Faster than Light Electrons

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Based on the neutrino faster-than-light experiments, it is also logical to conclude that the electron, being a rotating unit of space, will also add "space" to the net motion, making the electron cover "more space" in the same amount of time that a photon anchored to the progression of the natural reference system would. The net result would be the electron also moves slightly FASTER than the speed of light.

In the RS, Larson defines the electron as a spatial rotation built upon a material rotational base, and a c-positron as a spatial rotation built upon a cosmic rotational base. Whereas the rotational base is the "rotational equivalent of nothing," the two are indistinguishable from each other--both are just 1-dimensional, spatial rotations. In RS2, the material electron was removed as unnecessary, and the c-positron is simply used as the electron, which actually fits the properties of the observed, uncharged electron more closely. For example, any material structure will be localized in space as a point particle. The uncharged electron (electric current) is NOT--it can only be detected by its absence, not its presence, being defined as the "hole" in electronic theory. (The "electron" is the charged electron).  The "hole" effect is a property of non-locality and a cosmic particle.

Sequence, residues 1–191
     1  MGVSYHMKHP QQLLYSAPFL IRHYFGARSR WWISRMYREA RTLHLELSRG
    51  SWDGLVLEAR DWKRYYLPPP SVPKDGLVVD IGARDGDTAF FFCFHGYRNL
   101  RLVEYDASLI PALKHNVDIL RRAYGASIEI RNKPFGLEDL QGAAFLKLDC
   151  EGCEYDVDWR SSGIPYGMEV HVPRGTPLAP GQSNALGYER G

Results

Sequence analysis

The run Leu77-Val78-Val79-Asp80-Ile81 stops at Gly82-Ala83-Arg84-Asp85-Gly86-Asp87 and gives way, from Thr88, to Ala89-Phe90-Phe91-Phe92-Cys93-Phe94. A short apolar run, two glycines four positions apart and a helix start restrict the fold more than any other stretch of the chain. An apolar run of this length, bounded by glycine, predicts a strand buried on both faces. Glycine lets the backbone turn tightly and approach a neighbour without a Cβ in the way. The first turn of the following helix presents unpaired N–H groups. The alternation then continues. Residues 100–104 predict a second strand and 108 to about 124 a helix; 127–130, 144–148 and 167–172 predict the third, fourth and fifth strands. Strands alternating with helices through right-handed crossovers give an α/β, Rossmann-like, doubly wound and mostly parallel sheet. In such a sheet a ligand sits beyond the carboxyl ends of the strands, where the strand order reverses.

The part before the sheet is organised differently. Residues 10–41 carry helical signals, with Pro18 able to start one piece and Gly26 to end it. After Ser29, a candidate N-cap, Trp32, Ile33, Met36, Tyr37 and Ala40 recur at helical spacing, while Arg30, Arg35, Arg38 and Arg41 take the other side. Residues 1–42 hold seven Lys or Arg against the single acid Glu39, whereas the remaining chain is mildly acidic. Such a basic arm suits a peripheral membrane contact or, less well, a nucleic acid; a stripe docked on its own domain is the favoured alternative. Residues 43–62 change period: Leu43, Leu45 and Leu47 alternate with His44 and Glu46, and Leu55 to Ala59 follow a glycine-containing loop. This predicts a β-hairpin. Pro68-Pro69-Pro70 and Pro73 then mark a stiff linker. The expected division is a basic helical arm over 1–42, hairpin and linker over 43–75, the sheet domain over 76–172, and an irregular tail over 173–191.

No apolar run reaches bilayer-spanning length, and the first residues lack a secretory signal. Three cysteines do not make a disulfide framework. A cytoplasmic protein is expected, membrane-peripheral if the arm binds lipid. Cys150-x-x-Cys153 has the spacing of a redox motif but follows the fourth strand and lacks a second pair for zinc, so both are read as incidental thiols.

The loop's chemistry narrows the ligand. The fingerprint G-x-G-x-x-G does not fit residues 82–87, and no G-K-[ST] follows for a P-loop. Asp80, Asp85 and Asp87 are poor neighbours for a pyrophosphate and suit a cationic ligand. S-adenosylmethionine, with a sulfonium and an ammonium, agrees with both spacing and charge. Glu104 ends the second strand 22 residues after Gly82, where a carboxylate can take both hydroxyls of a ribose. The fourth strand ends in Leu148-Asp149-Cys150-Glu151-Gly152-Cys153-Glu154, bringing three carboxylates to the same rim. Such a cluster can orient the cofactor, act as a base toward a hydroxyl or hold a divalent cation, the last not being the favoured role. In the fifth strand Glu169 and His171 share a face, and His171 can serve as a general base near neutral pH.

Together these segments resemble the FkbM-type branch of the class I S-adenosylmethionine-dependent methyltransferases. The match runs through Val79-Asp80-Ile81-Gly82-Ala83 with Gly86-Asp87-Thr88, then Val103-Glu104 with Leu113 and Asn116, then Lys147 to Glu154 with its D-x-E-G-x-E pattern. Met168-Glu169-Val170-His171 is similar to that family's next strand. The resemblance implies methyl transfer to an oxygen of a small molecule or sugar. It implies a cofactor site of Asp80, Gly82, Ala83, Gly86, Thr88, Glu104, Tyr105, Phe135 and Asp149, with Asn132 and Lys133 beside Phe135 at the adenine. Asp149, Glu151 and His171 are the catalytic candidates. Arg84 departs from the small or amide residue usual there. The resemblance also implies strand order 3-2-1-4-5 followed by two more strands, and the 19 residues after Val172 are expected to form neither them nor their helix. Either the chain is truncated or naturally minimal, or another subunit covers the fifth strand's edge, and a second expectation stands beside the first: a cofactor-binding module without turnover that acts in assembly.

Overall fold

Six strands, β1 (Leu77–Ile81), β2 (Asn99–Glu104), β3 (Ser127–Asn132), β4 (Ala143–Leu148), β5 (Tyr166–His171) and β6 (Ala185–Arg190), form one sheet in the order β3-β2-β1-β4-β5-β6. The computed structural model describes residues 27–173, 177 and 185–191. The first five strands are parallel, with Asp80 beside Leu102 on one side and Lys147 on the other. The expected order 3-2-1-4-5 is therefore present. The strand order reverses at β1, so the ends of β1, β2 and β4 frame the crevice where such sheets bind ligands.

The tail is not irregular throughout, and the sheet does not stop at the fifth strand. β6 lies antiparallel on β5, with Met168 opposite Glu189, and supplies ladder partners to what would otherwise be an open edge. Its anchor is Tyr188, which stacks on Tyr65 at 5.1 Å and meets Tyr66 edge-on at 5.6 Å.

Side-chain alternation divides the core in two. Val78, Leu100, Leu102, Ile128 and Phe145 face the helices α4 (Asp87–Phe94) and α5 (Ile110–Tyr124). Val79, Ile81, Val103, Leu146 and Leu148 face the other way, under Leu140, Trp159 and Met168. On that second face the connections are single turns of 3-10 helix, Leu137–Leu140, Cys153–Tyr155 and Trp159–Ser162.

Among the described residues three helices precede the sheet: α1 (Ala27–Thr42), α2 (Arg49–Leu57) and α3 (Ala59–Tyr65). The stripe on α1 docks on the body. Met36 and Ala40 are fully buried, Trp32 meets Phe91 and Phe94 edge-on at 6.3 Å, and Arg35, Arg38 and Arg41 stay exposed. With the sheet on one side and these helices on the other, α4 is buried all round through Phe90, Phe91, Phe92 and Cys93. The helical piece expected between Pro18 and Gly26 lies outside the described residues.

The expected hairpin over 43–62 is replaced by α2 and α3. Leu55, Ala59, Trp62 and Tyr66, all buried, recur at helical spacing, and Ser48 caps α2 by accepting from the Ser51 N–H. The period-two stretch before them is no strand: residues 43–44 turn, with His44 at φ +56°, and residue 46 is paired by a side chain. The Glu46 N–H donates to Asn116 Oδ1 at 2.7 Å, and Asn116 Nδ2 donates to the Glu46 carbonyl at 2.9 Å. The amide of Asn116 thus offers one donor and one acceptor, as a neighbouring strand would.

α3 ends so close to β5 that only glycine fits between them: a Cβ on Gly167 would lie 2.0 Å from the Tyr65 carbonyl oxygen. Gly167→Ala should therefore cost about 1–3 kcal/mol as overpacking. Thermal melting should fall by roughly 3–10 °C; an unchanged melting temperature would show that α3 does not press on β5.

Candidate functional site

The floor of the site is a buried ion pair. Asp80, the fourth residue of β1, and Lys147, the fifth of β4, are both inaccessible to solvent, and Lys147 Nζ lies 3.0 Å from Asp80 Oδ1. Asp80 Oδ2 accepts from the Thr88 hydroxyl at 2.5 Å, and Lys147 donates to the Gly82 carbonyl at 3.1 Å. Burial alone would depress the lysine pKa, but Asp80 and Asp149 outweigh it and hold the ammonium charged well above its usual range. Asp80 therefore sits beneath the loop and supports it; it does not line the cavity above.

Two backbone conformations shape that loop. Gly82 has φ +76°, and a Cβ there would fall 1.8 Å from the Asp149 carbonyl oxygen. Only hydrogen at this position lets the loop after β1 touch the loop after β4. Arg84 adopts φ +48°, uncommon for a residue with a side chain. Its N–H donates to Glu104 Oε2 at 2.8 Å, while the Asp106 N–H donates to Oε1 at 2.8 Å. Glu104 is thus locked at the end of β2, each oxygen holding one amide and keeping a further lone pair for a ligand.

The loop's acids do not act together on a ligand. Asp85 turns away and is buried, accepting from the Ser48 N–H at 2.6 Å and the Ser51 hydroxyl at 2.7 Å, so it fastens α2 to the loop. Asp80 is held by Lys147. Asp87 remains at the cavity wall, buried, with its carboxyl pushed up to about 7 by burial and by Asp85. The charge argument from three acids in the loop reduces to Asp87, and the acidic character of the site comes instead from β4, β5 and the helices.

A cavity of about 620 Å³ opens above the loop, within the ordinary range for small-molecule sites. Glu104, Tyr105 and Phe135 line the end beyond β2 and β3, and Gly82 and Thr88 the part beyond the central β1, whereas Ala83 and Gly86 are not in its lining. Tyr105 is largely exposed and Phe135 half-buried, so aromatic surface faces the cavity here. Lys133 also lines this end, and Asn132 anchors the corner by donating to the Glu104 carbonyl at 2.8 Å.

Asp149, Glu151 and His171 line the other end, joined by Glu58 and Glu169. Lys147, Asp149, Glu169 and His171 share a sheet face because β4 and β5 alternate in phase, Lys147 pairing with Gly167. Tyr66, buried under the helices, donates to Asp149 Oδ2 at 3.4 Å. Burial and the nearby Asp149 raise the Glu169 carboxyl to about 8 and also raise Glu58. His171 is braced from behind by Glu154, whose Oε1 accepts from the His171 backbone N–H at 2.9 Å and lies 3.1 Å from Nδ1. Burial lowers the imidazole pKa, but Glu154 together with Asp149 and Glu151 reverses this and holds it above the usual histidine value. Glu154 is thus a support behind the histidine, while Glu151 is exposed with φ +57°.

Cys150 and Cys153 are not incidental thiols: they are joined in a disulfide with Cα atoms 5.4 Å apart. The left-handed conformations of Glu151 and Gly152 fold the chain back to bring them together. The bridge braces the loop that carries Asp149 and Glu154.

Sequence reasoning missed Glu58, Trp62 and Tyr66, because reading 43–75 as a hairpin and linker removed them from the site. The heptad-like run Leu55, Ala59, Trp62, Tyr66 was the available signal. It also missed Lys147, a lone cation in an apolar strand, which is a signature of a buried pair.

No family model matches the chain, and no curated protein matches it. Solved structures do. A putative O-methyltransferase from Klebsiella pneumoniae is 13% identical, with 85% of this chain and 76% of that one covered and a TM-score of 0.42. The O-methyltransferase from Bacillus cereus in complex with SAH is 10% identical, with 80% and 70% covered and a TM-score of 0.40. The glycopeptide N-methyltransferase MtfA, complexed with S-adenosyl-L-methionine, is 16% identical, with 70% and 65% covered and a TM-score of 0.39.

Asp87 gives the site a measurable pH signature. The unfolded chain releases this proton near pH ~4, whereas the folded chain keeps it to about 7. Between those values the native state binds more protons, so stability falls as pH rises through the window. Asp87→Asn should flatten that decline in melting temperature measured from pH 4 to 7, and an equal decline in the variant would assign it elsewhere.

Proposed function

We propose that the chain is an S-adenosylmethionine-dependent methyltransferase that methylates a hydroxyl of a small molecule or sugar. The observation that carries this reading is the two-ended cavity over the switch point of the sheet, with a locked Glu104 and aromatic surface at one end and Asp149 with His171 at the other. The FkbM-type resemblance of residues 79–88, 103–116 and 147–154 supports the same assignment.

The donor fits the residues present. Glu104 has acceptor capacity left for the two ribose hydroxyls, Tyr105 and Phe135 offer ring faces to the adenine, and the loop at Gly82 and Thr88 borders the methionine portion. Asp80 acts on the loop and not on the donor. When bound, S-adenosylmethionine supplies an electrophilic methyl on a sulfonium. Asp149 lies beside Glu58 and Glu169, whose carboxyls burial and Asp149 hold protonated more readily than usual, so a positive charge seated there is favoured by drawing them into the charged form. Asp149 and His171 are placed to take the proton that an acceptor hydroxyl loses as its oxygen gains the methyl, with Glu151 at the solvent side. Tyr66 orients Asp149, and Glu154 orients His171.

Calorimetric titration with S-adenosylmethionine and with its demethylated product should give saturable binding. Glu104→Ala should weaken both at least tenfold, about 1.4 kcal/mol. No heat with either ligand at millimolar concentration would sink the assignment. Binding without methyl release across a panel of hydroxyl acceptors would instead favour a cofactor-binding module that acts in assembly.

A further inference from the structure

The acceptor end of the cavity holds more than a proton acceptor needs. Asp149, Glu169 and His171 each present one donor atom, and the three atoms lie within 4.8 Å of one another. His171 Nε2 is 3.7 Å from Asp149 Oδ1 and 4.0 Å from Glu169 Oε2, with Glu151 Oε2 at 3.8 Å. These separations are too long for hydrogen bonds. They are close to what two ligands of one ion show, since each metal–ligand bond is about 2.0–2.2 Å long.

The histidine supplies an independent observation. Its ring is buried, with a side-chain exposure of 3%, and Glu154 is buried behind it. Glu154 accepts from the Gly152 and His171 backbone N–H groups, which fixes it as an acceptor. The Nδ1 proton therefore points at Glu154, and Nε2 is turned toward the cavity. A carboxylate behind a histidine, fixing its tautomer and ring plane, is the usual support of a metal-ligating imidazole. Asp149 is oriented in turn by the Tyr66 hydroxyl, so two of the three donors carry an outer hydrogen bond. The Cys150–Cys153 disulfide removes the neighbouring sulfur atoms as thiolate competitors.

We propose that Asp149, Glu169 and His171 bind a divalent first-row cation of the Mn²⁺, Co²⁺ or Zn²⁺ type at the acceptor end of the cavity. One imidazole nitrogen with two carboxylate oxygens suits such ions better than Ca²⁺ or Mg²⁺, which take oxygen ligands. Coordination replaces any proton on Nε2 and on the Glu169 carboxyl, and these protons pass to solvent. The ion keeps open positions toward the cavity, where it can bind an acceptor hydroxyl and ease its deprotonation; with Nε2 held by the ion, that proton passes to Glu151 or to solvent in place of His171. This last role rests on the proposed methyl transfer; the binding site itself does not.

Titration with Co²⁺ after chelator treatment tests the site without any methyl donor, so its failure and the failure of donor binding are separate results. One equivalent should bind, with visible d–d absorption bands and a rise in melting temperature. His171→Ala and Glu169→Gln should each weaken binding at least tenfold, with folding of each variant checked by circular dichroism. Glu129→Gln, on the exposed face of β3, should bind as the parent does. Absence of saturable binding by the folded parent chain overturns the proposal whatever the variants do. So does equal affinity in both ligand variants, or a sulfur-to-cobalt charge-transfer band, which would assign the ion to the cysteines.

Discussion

Whereas the rotational base has no measured properties, it is irrelevant in the calculation of electron or c-positron speed, as only the spatial displacement (and optional charge) would determine the observed speed. Note that in either case, the spatial rotation cannot be directly detected--conventional science can only measure spatial locations where temporal motion is present (atoms or particles). The uncharged electron would be observed as a non-local field in free space.

However, the charged electron CAN be directly measured, as the charge occurs in the opposite aspect--time--defining it at a specific location in space, therefore making it measurable by conventional, scientific instruments. (This is the same case for the charged, cosmic neutrino--they are measuring the location of the charge--a time displacement--not the rotating system of the neutrino.)

Calculations (from the RS2 Forum post): The electric rotation occupies 1 of the 128 possible orientations of the space region, which is then distributed over 3 dimensions. The location is moving at the speed of light (1), so the observed speed of the uncharged electron would be:

1+(\frac{1}{128})^3 = 1.00000047684 c

or about 299,792,601 m/s, or 143 m/s faster than the speed of light, in a vacuum.

This should answer Rainer Huck's question about the speed of electric field propagation. It is actually FASTER THAN LIGHT, but not instantaneous.

The charge on an electron would add to the time of the motion, making it appear to slow down by a factor of 1/9th:

1+(\frac{1}{128})^3 - \frac{(\frac{1}{128})^3}{9} = 1.00000042386 c

which would be the speed of "static electricity" in a vacuum. (The "time" supplied by the atoms of an atmospheric gas would greatly slow the uncharged electron speed to well under the speed of light.)